The ‘infamous’ Apostrophe

The apostrophe looks like a raised comma and causes almost as much confusion. It originates in the Greek rhetorical device ‘apostrephein’, in which the speaker addressed not the audience but some absent thing or person.  It now indicates something missing, usually letters, and has two basic uses:

To indicate possession:
normal singular words – a dog’s dinner (dinner of the dog), his master’s voice (voice of the master), Jane’s book (book belonging to Jane), the lawyer’s wig (wig of the lawyer).
in singular words ending in ‘s’ – Corporal Jones’s bayonet, St James’s Street, the princess’s crown, the dress’s colour,
in plural possessives not ending in ‘s’ the apostrophe goes before the ‘s’– the people’s flag, policemen’s ball
in plural possessives that end in ‘s’ the apostrophe goes after the ‘s’ – birds’ nests, the dogs’ kennels, the girls’ uniforms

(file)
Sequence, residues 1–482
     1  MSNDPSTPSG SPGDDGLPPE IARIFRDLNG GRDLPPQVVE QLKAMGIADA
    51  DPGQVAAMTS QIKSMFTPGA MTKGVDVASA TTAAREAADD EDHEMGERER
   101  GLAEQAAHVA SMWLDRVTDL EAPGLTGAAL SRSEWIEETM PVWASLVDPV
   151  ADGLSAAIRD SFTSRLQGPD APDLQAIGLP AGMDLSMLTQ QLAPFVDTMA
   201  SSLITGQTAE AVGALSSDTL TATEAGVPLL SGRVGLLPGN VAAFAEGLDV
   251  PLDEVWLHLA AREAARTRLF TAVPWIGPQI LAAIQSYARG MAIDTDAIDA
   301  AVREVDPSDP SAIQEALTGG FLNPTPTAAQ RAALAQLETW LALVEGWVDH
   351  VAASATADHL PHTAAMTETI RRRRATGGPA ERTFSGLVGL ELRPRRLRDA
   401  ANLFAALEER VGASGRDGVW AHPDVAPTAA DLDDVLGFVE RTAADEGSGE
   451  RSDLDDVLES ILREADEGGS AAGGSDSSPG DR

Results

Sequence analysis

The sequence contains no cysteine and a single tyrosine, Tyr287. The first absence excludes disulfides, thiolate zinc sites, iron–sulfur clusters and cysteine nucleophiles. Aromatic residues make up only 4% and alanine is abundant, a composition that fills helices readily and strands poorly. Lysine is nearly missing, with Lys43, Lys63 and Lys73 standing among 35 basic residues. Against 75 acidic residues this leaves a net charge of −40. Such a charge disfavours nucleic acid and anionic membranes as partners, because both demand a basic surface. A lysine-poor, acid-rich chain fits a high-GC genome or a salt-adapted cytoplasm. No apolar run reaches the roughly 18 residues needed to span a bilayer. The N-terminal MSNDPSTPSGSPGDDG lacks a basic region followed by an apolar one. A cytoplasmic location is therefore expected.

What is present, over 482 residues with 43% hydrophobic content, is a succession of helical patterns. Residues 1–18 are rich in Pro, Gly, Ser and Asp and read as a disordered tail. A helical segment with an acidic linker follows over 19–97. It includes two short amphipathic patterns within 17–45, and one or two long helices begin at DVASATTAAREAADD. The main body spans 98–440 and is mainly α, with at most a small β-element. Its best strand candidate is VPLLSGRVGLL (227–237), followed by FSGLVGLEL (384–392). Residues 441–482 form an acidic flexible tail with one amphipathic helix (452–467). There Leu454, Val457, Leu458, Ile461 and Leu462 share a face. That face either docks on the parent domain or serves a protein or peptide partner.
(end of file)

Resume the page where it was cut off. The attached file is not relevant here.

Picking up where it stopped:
To mark contractions (missing words or letters)
she’ll (she will), wouldn’t (would not), you’re (you are), they’re (they are), he would’ve (would have – not ‘would of’), it’s (it is)

The exceptions? Occasionally to mark plurals that would be confusing if left unmarked: e.g. Dot your I’s and cross your T’s

When NOT to use them?
for acronyms, such as EAs, PAs and RFTs (Requests for Tenders) etc.

Finally my pet hate, they are definitely NOT used for words in the plural, e.g. to say ‘word’s in the plural’!